Dana VanderLugt (’01) and her book-loving students

As an English teacher who races from my 8th grade classroom over to Hope to teach a late afternoon  composition class, I spend a lot of my time with young people in life’s messy middles: in the midst of adolescence, in the midst of the semester, in the midst of the academic year. When we’re swimming far from shore, it can be easy to lose sight of the mainland, to feel disoriented about what matters or where we’re heading.

Last semester, a quiet student, on her way out the door of our English 113 classroom for the final time, pulled me aside and asked: “Can you send me a list of books, maybe like some of the ones we read, that I could read next? This class reminded me that I like to read.”

In this mid-ish point in the semester, when our minds are on deadlines and to-do lists, when we’ve left behind the coziness of winter but are still waiting on the spring daffodils, an antidote may be remembering the joy that is reading, the beauty of words. We may deserve a gentle nudge to reclaim reading — not just as an academic pursuit, but as a comfort, a safe place, and a window to the world. Reading for the wonder of it.

While one of the strongest predictors of being a frequent, lifelong reader is a child who holds a strong belief that reading for fun is important, statistics show that reading enjoyment declines sharply after age eight, and that kids read for fun less and less as they get older, “with 45% of 17-year-old saying they read by choice only once or twice a year.” Author and teacher Penny Kittle describes a “calamitous drop-off in students’ reading after age 13 and a downward trend in voluntary reading by youth at middle and high school levels over the past two decades.”

Mary Cassatt’s 1894 painting “The Pensive Reader”

In this March is Reading month, those of us engaged in the study and teaching of English can be reminded that we are more than task-masters; we are ambassadors of literature, called to spread the love of reading. In the middle of our syllabi and schedules, we can hold fast to the deep conviction that books matter and that words have the ability to change and challenge us. And that in the midst of overwhelming to-do lists, what we might actually need most is to plunge into a good book.

Maybe one of my former middle school students can speak to this better than I can. In his end-of-the-year reflection, he wrote:  “Throughout 8th grade, I’ve learned many different things about my reading, but one main thing is actually caring about the story and theme. When I used to read, I did it just for the grade. Now, when I read books like the Harry Potter series, I actually pay notice to the characters’ emotions, the plot, and the relationship between people. Doing this gives me a larger respect for characters and stories. My newfound respect of stories actually makes reading a nice thing to do in my spare time, so I actually do plan to buy some new books. It may sound pretty nerdy, but I plan to read over summer vacation.”

Thanks to this young man, I’m adding “Leave class as an admitted book nerd” to my list of objectives in every class, at every grade level. And I will cling to his words when I’m mired in the middle and doggy-paddling in the deep end.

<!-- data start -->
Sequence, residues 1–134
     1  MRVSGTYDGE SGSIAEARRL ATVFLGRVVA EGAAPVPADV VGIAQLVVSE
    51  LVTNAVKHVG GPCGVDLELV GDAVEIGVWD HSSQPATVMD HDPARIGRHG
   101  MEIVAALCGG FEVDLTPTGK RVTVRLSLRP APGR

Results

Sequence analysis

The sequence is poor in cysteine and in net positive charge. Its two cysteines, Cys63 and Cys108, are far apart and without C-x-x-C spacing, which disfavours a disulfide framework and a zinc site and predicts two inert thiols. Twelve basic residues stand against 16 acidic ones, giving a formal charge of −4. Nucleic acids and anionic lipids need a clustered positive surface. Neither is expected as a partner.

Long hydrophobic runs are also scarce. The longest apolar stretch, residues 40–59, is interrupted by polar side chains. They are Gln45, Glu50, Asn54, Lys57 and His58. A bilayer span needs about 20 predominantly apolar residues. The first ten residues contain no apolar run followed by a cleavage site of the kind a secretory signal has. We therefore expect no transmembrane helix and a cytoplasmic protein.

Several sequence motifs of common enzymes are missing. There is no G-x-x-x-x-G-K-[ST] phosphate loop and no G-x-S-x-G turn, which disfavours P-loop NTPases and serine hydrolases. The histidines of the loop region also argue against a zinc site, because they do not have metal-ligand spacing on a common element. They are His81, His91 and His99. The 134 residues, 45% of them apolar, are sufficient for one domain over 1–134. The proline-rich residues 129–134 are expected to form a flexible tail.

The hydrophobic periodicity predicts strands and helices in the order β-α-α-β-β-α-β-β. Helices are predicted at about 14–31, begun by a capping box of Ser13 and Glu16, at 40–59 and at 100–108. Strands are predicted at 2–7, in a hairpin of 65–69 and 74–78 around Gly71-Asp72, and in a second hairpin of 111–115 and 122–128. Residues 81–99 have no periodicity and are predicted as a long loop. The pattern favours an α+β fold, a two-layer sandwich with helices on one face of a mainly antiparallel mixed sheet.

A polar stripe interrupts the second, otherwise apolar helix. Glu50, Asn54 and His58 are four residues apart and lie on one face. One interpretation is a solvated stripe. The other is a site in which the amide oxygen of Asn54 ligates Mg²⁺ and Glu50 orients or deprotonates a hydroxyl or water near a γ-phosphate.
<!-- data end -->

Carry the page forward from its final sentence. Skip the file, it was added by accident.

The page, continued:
March on and read for the joy of it, my friends!  

Alumni Feature from Sara Sanchez ’14

 

Sara Sanchez (’14)

Since graduating three and a half years ago, I have been called Ms. Sanchez, Sanchez, or Sanchi at Holland Christian high school, teaching Spanish Language Arts and Psychology for two of those. And in the middle of that two-year teaching stint, I was a full-time M.Ed student at Calvin College. My intended plan after earning my B.A. in Secondary English and Psychology education at Hope was to teach for five full years and then get my master’s, but something called an H-1B, which is not a type of pencil but a work visa, swept my carefully outlined five-year plan off the table.

“Tell me not, in mournful numbers, only 65,000 work visas are given each fiscal year” (slight variation on Longfellow’s opening line in his poem “A Psalm of Life”).

I was born in Honduras and came to Hope College as an international student. Sufjan Stevens (a musician and the English Department’s most illustrious alumnus, in my humble opinion) was my college recruiter, even though I have never met the guy.  But the important thing here is that I am not a U.S. citizen, which explains why I need a specific visa to continue to work in the United States. Let me give a quick primer on this immigration process: Each year there are 65,000 U.S. work visas granted. The problem is that almost every year more people apply than the number of visas awarded. For example, the first year I was not selected, the US Citizenship and Immigration Services (USCIS ) received 233,000 applications.

Although I taught Spanish and Psychology, I always told my students that I was an English teacher at heart. The Spanish Immersion program allowed me to combine my language arts background and my mother tongue well, so I taught literary devices, narrative elements, and essay writing in Spanish. In the Psychology course, I tried to include appropriate poems whenever possible. I had to keep that English teacher alive and well. My English education degree equipped me with the skills to communicate with parents, create engaging lesson plans, and manage a classroom of twenty-five students. I felt confident in my ability to teach, but what I quickly realized is that this degree and the English department shape you in more expansive ways.